[PD] Using dual processor to manage 2 Pd at the same time

Matteo Sisti Sette matteosistisette at gmail.com
Tue Aug 17 17:26:09 CEST 2010

On 08/17/2010 02:11 PM, João de Brito Rocha Reis Vidigal wrote:
> Hi
> I remember reading somewhere that it is possible to have 2 Pd patches open running synched at the same time.
> This would be to manage sound and video in different patches in order not to get (or get less) glitches in sound and video.
> How do I do this?

Depends on what you mean by synched.

Well of course you need to run two instances of Pd as if it was two 
different programs.

If you mean using one patch (in one pd instance) for audio and the other 
(another pd instance) for video, which is i think the only solution to 
get both audio and video work well, I usually synchronize them by 
exchanging messages through [netsend]/[netreceive] pairs, via either TCP 
or UDP.

I would periodically send a packet from audio patch to video patch to 
tell it the current time. The video patch would then compare it with its 
own time. If the difference (measured in frames) is above a certain 
threshold, it would use some strategy to correct the situation in the 
least disturbing way depending on the application.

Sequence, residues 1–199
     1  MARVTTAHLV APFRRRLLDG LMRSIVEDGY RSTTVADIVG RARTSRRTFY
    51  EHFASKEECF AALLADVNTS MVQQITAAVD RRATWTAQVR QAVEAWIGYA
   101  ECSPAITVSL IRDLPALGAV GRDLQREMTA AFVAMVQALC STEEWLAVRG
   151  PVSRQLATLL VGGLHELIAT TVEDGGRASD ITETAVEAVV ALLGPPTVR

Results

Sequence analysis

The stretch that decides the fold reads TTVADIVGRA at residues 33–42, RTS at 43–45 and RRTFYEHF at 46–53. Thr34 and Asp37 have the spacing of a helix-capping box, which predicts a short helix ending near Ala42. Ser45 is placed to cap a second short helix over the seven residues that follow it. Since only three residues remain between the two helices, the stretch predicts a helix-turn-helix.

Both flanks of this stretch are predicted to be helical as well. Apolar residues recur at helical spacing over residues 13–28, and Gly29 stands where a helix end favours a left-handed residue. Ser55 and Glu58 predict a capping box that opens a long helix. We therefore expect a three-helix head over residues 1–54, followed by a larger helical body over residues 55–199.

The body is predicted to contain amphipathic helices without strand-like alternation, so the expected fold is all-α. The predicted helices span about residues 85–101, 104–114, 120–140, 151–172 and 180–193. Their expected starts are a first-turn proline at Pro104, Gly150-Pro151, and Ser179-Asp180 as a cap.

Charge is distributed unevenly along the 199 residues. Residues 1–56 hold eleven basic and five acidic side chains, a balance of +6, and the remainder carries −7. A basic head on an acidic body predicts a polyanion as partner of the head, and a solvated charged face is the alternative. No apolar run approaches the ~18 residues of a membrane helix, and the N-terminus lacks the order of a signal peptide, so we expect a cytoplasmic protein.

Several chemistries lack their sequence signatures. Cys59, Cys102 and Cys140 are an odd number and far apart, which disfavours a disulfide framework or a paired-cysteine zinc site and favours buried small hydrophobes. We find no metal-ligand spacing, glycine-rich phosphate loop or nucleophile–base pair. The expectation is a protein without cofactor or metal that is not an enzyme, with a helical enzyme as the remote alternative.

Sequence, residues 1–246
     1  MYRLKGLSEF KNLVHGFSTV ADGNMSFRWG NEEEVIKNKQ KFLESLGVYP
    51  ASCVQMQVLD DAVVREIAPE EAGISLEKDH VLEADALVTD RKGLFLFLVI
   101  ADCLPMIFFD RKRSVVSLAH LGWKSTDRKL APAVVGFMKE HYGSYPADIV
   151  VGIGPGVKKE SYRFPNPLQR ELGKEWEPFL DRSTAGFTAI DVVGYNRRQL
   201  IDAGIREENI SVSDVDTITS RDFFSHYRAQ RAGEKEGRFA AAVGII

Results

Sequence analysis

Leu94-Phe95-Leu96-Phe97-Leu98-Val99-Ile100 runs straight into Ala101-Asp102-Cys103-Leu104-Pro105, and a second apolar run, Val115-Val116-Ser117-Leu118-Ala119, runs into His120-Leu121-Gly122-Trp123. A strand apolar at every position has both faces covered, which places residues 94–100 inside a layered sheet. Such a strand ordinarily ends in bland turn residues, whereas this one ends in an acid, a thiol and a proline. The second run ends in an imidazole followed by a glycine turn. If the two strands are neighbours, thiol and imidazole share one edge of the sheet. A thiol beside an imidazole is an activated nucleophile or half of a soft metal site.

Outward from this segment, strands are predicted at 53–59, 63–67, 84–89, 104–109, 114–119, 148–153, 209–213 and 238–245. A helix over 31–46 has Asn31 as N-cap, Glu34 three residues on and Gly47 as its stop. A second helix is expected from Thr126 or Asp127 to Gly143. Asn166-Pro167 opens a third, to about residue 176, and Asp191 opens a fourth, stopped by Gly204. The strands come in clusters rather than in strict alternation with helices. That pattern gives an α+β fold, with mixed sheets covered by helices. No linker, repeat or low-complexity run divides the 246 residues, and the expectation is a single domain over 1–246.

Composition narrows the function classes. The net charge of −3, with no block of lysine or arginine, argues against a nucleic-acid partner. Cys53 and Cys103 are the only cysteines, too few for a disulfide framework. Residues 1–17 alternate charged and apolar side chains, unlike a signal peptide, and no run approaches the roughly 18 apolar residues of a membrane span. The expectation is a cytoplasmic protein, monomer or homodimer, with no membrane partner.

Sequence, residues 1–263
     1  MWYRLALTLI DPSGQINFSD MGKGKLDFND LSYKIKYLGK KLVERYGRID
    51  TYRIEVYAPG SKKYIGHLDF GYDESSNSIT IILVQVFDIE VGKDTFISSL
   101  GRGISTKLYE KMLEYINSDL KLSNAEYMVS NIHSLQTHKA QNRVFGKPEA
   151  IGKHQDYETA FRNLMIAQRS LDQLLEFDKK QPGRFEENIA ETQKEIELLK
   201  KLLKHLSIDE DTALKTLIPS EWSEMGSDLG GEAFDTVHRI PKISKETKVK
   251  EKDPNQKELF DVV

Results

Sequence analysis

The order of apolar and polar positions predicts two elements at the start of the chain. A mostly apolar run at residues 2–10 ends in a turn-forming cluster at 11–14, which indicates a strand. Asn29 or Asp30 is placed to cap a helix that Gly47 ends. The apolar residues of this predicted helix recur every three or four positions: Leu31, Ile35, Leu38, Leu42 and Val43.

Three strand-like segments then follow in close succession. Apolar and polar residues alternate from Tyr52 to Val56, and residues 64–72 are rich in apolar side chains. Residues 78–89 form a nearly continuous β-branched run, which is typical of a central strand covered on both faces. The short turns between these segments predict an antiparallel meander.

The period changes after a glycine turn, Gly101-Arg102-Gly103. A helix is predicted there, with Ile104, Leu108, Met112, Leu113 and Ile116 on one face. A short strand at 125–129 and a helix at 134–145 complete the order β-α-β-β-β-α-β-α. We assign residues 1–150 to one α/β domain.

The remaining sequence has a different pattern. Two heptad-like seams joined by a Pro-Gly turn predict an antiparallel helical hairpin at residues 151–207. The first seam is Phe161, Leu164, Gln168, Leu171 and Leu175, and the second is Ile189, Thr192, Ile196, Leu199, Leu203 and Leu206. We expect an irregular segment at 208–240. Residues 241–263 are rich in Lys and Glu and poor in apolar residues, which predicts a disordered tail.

In the most simple case, you would detect if the difference in frames is 
 >1 (or <-1) and you would wait or skip the necessary number of frmaes.

Depending on the application, you may need much less than that (or a bit 
For example, when you have to start playing an audio and video clip at 
the same time (which may be an audio and video file or the generation of 
images and sound), you just send one message from the "master" (e.g. to 
the audio patch) to the "slave" (e.g. the video patch) so they would 
start at the same time. If the audio and videos you're playing or 
generating are short enough (few minutes) you may even not observe 
significant desynchronization. If you do, then you can resort to the 
above strategies to correct it.

All depends on the precision you need.

I usually use audio as a master and video as a slave because slightly 
affecting the speed of the video (or even skipping a frame) for 
resynching is usually much easier and more acceptable than doing the 
same on the audio side - but of course it depends.

Well I'm kind of assuming you're using GEM for the video; GEM is pretty 
good at maintaining a reliable timing; if it gets slow because of CPU 
load for a limited period of time, it tries to compensate it when it 
can, so it tends to not accumulate big errors soon.

Is this what you were talking about?

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